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Re: Re: Punching Shear Reinforcing Cutoff Distance

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Yeah, it's bad news for the water.  I think the Cressbrook Dam which I saw at Xmas was even lower.  It's strange to see such a huge dam almost empty, with the boat ramps about 150 m (slope length) above the water line.

I am very interested to see what the code guys say.  I agree about the first perimeter near the column.


On 3/18/07, Gil Brock < gil(--nospam--at)> wrote:

We are down to about 20% capacity and falling and entering our "dry" period of the year. Unfortunately they will not be able to produce the rum if they cannot grow the sugar but we are saved because they are getting lots of rain where Bundaberg rum is made.

I would not think the UDL loading is an average but also would not think it is an upper bound. It would be a statistical weighted average of some sort but there could be areas of no load and some of higher load than the design UDL. I will have a talk to our loading code convener to see what he thinks.

Obviously when a larger area is inside the shear perimeter, the average load is more likely to be applied over the area. But for the shear perimeters near the column I would not think you could guarantee it. For example, in a parking structure it is hard to get a wheel within the first punching perimeter.

At 02:10 PM 17/03/2007, you wrote:
Hi Gil, nice to hear from you again.  How's the water supply in Beenleigh ?  I hear that things are very drastic in that area of the driest continent, and that you will have no water left in a few months.  I hope you get some rain soon.  (Not wishing to make light of this situation, but Beenleigh rum may be an alternative for drinking, at least.)

Your comment implies something I had never considered: that the UDL may really be an equivalent average load, not a maximum intensity, and that the real load may all be outside the shear perimeter. 

I am not convinced, my friend.  At the limit, when the shear perimeters from adjoining columns overlap, there is surely no load left outside them, wouldn't you say ?  ;-)  

I always thought that the variations to be expected were still within the specified load, and if not, then the maximum expected load was to be applied in the expected places.


On 3/15/07, Gil Brock <gil(--nospam--at)> wrote:

This reduction is technically correct if the floor loading is a pure UDL as is assumed for design.

In actual fact the floor loading is never uniform. There are often concentrations of load in one area and no loads in other areas. One of there concentrations of load could be immediately outside the perimeter with no load within the perimeter. For this reason, unless I had a load that I know was fixed within the perimeter (say a column load from above) then I would not do the reduction as you suggest.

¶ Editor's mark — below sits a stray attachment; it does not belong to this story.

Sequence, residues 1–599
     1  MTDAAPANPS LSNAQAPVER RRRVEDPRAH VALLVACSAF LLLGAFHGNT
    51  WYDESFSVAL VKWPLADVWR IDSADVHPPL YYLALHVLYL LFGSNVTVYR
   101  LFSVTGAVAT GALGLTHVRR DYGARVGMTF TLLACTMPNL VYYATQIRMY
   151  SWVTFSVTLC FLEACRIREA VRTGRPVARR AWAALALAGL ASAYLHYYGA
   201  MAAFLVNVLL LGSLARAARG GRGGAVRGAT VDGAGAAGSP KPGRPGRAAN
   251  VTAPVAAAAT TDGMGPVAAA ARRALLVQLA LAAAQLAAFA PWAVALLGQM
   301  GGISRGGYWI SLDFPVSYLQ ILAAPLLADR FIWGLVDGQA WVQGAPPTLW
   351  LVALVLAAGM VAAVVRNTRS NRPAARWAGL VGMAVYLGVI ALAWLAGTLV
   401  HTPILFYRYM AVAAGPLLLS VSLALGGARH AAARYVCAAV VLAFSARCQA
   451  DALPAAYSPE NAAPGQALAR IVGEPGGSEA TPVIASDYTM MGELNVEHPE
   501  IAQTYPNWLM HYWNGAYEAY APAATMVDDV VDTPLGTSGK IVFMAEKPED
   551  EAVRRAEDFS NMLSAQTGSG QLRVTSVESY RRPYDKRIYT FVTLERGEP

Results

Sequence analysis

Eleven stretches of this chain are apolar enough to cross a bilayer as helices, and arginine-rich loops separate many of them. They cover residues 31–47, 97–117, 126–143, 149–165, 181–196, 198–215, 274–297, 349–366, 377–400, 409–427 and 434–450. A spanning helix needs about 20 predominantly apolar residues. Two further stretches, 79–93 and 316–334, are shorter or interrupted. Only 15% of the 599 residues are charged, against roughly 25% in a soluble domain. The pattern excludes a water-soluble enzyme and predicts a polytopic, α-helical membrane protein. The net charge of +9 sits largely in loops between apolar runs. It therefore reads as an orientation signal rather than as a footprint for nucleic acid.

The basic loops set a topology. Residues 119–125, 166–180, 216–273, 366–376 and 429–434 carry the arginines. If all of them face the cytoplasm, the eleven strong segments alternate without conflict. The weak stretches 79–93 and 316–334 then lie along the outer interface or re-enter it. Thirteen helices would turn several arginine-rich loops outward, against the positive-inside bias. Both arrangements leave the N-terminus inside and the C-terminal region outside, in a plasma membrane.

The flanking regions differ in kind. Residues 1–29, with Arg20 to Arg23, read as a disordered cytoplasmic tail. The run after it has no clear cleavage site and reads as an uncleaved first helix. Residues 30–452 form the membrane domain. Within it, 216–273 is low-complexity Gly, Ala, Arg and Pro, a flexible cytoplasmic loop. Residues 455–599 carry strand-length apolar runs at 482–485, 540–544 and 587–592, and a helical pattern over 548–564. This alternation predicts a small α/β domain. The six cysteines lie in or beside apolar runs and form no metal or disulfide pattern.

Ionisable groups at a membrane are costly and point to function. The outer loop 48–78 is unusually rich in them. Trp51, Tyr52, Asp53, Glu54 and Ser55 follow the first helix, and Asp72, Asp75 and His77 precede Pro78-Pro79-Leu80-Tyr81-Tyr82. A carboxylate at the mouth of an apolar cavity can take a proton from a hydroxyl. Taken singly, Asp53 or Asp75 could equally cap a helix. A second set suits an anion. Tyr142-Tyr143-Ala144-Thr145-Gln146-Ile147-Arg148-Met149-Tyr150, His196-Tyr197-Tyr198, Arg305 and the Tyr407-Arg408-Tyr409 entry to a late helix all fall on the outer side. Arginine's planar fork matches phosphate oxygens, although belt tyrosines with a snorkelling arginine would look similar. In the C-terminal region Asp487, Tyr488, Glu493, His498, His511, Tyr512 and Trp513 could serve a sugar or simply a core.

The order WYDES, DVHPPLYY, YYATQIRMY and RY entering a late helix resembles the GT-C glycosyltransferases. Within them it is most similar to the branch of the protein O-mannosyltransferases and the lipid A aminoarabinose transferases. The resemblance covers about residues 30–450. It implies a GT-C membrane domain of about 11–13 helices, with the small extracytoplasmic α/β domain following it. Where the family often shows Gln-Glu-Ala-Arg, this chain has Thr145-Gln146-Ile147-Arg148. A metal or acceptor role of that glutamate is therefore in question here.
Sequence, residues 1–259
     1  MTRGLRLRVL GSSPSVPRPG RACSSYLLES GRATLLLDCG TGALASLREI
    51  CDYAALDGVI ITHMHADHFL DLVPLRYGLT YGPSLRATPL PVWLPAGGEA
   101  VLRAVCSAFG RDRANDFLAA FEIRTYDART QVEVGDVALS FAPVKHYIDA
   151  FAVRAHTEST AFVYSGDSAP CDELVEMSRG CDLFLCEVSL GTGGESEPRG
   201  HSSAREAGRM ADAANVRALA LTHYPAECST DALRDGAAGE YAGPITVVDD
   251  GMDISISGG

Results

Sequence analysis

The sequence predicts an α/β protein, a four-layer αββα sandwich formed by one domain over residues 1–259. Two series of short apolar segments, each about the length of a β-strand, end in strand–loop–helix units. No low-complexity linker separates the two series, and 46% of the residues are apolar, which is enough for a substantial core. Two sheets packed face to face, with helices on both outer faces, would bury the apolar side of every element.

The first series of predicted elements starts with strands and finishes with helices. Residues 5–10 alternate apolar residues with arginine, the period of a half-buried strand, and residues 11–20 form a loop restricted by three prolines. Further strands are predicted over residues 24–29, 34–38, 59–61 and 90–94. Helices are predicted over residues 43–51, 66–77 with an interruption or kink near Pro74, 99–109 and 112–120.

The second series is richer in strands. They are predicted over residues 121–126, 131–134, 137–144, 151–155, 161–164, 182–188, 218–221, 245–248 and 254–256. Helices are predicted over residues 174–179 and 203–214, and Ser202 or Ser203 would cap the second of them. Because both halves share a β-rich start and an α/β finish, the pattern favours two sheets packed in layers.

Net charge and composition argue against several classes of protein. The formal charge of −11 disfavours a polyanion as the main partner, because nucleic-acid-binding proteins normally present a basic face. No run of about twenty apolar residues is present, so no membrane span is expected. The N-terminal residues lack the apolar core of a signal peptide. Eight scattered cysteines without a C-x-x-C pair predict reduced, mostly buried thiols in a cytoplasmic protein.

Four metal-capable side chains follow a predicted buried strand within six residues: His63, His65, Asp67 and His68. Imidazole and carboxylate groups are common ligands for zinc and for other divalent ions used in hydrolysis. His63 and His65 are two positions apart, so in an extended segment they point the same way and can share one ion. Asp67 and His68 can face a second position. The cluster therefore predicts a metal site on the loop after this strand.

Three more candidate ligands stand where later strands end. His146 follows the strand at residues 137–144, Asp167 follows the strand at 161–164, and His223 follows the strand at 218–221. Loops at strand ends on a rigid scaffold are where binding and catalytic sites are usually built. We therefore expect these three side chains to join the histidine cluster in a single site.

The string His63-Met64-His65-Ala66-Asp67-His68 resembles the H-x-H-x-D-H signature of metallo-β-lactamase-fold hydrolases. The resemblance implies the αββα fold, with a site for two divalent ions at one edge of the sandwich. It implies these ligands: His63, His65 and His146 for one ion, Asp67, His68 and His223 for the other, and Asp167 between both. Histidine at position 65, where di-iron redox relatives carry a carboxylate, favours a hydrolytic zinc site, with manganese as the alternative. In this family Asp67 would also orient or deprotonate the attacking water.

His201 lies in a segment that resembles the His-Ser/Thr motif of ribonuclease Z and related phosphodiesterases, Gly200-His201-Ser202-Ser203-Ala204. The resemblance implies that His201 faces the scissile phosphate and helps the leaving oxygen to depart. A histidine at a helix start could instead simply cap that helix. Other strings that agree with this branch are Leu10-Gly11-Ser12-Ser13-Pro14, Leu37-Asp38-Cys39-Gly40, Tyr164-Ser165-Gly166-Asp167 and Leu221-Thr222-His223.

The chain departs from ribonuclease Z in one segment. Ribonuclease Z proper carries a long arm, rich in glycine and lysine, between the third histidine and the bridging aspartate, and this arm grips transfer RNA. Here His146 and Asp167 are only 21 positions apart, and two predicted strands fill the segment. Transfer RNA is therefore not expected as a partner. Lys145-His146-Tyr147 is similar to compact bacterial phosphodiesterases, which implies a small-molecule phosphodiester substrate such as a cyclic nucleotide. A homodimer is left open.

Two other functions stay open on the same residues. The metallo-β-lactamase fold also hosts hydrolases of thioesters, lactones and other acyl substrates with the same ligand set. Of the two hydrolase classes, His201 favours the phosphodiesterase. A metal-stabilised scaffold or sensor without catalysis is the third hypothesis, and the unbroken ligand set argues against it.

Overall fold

At 01:48 PM 15/03/2007, you wrote:
Will, I agree with you.  The shear calcs must take account of the moment.  Actually, I wonder why the examples you will find in most concrete manuals don't also take account of the floor loads (dead and live) that fall within the shear perimeter where you want to discontinue the shear reinforcement.  Probably because of the added complexity.  But once you develop the spreadsheet to take account of these loads, (they reduce the calculated shear at the perimeter), it is no longer complex.

The shear around the perimeter is basically caused by the floor loads over the tributary area around the column (plus the moment in the column).  For the calcs at d/2 from the face of the column, virtually all of that floor load causes shear at the perimeter.  But if you extend that perimeter to some distance from the column, then some of that floor load is now within the shear perimeter, and is not transmitted to the column by shear at the perimeter.


On 3/12/07, Will Haynes <gtg740p(--nospam--at)> wrote:
I have a 2-way slab that I am designing for punching shear that will require shear reinforcing. I am looking at using stud rails or stirrups and need to determine the distance which the shear reinforcing may be discontinued.
In ACI 318-05 section, it states that "The shear stress due to factored shear force AND MOMENT shall not exceed phi*2*sqrt(f'c) at the critical section located d/2 outside the outermost line of stirrup legs that surround the column". The termination distance calculated in the example from the document "Shear Reinforcing for Slabs"-ACI 421.1 R-99 appears to follow the above statement by combining moment and shear stress beyond the column to find the shear reinforcing cutoff location.

However, I have a copy of PCA notes on ACI 318-99 and on page 18-35, there is an example where the stirrup termination distance is determined by the direct shear only, and ignores the shear produced by the moment! It appears to me that PCA has it wrong here, but I was wondering if there is something I am missing?
Will Haynes
Regards  Gil Brock
Prestressed Concrete Design Consultants Pty. Ltd. (ABN 84 003 163 586)
5 Cameron Street Beenleigh Qld 4207 Australia
Ph +61 7 3807 8022               Fax +61 7 3807 8422
email:            gil(--nospam--at)
email:            sales(--nospam--at)
email:            support(--nospam--at)

Regards  Gil Brock
Prestressed Concrete Design Consultants Pty. Ltd. (ABN 84 003 163 586)
5 Cameron Street Beenleigh Qld 4207 Australia
Ph +61 7 3807 8022               Fax +61 7 3807 8422
email:            gil(--nospam--at)
email:            sales(--nospam--at)
email:            support(--nospam--at)